Based on a detailed comparative analysis of the animal protection laws of each jurisdiction, the 2012 Canadian Animal Protection Laws Rankings recognizes the provinces and territories where laws protecting animals have real teeth, and calls out those like Quebec and Nunavut—the worst in Canada this year for animal protection laws—where animal abusers get off easy. 

ALDF’s fifth annual report, the only one of its kind in the nation, ranks every province and territory on the relative strength and general comprehensiveness of its animal protection laws. Manitoba, British Columbia, and Ontario take top honours in 2012 for providing strong protections for animals.

Download the full report (PDF)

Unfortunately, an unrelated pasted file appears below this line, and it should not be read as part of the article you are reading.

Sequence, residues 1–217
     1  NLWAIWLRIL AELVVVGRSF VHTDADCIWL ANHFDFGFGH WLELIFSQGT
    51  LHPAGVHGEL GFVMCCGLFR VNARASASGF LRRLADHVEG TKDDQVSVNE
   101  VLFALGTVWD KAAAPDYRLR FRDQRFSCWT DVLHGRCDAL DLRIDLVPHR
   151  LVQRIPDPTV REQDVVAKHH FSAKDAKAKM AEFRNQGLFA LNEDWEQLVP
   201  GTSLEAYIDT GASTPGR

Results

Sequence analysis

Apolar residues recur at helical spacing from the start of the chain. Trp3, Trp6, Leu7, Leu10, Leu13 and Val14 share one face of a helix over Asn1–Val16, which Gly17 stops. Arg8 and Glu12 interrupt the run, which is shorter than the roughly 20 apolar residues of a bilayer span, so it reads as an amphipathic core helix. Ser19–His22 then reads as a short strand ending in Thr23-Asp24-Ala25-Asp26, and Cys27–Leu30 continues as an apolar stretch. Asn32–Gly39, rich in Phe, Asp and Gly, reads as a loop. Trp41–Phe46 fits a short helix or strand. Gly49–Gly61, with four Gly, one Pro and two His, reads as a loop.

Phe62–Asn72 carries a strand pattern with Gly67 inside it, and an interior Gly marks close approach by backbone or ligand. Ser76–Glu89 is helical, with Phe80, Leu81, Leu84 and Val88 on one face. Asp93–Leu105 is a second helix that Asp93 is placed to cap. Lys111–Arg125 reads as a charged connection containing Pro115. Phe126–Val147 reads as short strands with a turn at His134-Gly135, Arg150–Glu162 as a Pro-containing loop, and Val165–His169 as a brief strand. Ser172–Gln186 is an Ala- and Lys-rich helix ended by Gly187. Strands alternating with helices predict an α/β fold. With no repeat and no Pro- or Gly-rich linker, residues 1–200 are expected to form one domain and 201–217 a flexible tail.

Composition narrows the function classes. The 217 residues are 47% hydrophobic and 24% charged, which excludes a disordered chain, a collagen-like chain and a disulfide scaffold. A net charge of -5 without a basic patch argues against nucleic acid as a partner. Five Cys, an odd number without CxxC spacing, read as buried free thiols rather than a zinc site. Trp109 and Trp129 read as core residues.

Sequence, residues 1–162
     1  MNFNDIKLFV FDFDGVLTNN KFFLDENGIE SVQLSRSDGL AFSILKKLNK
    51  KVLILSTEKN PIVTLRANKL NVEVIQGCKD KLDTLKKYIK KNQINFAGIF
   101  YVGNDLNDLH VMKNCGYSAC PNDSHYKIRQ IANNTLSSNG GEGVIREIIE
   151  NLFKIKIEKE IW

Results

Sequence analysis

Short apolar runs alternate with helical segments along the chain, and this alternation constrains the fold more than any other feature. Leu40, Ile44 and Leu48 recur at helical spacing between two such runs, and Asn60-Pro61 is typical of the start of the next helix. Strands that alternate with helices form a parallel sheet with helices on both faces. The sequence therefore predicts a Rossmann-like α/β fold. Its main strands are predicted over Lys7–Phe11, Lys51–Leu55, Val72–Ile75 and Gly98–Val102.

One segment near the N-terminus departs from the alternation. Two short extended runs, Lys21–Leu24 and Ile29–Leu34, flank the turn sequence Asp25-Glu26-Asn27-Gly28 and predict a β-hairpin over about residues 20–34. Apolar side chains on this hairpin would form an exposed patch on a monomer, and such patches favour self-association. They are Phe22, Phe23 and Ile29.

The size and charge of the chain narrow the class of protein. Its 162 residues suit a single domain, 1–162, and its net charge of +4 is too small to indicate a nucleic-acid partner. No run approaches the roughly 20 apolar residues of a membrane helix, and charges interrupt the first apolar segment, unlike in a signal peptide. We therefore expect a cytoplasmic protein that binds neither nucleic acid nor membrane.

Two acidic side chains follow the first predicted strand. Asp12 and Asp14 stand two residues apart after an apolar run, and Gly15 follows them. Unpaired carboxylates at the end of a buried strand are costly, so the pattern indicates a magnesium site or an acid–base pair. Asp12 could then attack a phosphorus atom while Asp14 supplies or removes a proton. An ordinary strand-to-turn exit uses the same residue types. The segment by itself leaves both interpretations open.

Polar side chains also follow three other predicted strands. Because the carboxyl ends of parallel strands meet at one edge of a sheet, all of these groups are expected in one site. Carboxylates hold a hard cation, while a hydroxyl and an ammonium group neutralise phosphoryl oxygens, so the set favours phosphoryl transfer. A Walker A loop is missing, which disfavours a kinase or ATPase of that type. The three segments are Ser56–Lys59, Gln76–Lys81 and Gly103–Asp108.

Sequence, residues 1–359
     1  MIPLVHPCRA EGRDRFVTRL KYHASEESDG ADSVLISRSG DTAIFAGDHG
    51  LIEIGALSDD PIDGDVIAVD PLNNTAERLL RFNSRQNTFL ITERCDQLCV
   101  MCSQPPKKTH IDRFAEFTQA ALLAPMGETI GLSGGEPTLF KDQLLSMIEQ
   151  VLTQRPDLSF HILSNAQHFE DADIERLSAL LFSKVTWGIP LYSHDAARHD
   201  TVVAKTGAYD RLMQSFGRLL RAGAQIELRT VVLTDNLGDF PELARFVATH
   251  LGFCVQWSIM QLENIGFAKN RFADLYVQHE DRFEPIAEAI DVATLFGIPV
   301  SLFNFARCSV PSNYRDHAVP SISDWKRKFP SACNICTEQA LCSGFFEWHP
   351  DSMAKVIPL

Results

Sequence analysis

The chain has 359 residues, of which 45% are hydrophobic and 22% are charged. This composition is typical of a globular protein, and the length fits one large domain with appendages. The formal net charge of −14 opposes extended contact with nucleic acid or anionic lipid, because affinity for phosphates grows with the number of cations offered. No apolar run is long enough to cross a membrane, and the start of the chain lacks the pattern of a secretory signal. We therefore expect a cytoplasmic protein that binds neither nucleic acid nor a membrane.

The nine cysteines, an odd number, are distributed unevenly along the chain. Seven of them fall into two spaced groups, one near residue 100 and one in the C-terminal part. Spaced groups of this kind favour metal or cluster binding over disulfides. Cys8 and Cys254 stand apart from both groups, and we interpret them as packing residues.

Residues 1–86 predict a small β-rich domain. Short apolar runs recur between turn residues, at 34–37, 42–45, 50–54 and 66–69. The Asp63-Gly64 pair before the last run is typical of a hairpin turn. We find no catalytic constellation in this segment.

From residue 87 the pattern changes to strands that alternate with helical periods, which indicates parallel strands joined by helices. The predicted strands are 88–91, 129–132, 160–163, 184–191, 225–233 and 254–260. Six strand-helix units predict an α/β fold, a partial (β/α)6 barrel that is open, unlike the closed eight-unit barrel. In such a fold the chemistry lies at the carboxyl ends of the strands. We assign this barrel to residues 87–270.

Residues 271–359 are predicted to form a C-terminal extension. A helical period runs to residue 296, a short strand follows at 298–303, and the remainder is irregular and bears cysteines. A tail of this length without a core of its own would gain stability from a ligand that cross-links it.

Download the Canadian rankings map

 

Top Tier: 1. Manitoba
2. British Columbia

3. 
Ontario
4. Nova Scotia
Middle Tier: 5. Newfoundland & Labrador
6. New Brunswick
 
7. 
Yukon
8. Alberta
9. Saskatchewan
Bottom Tier: 10. Prince Edward Island
11. 
Northwest Territories 
12. 
Quebec
13. Nunavut

Ontario and Manitoba continue to occupy the top tier, but are now joined by British Columbia, which made considerable improvements to its animal protection legislation since last year’s report. Most notably, the province enacted stiffer penalties, with animal abusers now facing up to two years imprisonment and a $75,000 fine. It also extended the scope of prohibitions to include abuse perpetrated by anyone—not just an animal’s owner. Additionally, British Columbia now specifically targets animal fighting, and requires veterinarians to report suspected animal abuse or neglect. Nova Scotia, the fourth province in the top tier, also made changes to its animal protection legislation, but these were minor and did not affect the province’s relative ranking.